Huh? The US returned sovereignty to Iraq? Perhaps Bush should tack on an extra 8 billion along with all the Democratic additions to his war budget to cover the cost of corruption!
Iraq loses $8 billion through corruption
By BASSEM MROUE and QASSIM ABDUL-ZAHRA
Associated Press Writers
Wed Apr 4, 3:48 PM ET
Iraq's top corruption fighter said Wednesday that $8 billion in
government money was wasted or stolen over the past three years and
claimed he was threatened with death after opening an investigation
into scores of Oil Ministry employees.
In the chaos and lawlessness of Iraq, such threats are not taken
lightly. Radi al-Radhi, who runs the Public Integrity Commission,
leads one of the more dangerous missions in the country. He said in an
interview with The Associated Press that 20 members of the
organization have been murdered since it began its work.
In perhaps the most publicized recent case, an estimated $2 billion
disappeared from funds to rebuild the electricity infrastructure.
Former Electricity Minister Ayham al-Samaraie, who holds both U.S. and
Iraqi citizenship, was convicted in that case and sentenced to two
years in prison. He escaped from an Iraqi-run jail in the Green Zone
on Dec. 17 and turned up in Chicago on Jan. 15. Al-Samaraie has said
the Americans helped him escape.
Al-Radhi said the commission has investigated about 2,600 corruption
cases since it was established in March 2004, a few months before the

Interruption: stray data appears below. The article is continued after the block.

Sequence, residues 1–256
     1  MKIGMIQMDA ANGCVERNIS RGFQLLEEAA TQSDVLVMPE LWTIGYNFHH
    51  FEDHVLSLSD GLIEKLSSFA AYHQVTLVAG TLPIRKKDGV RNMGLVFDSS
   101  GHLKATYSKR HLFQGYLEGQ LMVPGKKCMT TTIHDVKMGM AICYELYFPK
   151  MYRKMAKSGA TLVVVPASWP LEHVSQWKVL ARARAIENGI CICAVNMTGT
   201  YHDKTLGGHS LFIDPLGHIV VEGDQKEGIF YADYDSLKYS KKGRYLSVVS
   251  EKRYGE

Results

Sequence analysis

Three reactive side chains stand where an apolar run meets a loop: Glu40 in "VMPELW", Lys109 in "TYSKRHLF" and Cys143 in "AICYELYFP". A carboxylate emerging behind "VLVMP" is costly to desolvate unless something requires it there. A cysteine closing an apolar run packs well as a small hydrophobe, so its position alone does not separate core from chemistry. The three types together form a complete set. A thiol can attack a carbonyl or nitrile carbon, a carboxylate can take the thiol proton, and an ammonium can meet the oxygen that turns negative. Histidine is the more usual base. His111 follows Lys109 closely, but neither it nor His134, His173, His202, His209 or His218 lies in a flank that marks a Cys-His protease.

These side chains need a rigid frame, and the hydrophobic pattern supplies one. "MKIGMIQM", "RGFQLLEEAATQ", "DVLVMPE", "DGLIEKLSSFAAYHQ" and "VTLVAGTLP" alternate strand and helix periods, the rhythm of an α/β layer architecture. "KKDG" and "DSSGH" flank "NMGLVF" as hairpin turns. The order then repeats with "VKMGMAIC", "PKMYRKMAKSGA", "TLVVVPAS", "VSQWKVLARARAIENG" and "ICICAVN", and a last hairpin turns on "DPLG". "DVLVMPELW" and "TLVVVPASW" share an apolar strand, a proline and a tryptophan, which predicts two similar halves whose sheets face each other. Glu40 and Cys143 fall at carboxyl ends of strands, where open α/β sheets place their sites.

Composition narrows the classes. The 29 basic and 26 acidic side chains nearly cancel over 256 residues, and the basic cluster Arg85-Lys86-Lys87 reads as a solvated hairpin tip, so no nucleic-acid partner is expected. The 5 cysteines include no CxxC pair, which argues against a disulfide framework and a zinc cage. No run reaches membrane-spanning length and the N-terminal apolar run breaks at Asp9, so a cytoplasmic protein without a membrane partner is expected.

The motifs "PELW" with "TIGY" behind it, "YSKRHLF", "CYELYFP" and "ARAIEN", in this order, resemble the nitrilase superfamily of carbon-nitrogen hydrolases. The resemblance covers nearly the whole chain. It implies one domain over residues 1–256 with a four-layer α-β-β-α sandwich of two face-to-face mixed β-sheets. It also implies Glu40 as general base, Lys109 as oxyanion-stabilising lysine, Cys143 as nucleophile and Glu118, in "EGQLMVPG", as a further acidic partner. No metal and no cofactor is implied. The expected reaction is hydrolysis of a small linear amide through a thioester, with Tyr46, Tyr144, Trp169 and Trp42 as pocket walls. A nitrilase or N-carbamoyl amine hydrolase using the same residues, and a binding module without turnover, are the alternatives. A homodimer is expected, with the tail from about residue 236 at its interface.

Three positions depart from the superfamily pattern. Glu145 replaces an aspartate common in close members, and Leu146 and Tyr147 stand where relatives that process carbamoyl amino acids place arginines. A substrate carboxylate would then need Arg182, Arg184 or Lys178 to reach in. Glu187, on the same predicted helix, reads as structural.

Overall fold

United States returned sovereignty to Iraq. He estimated $8 billion
has vanished or been misappropriated.
Corruption in the country, while traditionally rampant, is encouraged
by constitutional clause 136 B, al-Radhi said. It gives Cabinet
ministers the power to block his investigations.
So far, he said, ministers have blocked probes into the theft or
misspending of an estimated additional $55 million in public funds.
Two years ago he asked the Constitutional Court to strike the clause,
but the panel has never issued a ruling.
On Wednesday, he took the matter to Parliament Speaker Mahmoud
al-Mashhadani, who promised to back his efforts before the court,
al-Radhi said. Al-Mashhadani's office confirmed that they met and said
the parliament speaker promised to support the anti-corruption move.
Senior government officials and Cabinet ministers are accused of a
variety of schemes.
In February, for example, U.S. and Iraqi forces seized Deputy Health
Minister Hakim al-Zamili, a supporter of radical Shiite cleric Muqtada
al-Sadr. He reportedly orchestrated kickback schemes related to
inflated contracts for equipment and services, with millions of
dollars allegedly funneled to al-Sadr's Mahdi Army militia. Al-Zamili
was suspected of employing militiamen who used Health Ministry
facilities and services for "sectarian kidnapping and murder," the
U.S. military has said.
Al-Radhi said that after starting an investigation of 180 Oil Ministry
employees in the southern province of Basra, he and another colleague
received death threats.
"I and Haidar Ashour, our representative in southern Iraq, have
received threats by telephone accusing us of being former regime
elements (supporters of the late Saddam Hussein)," said al-Radhi. He
was a judge during the former leader's rule, a job that required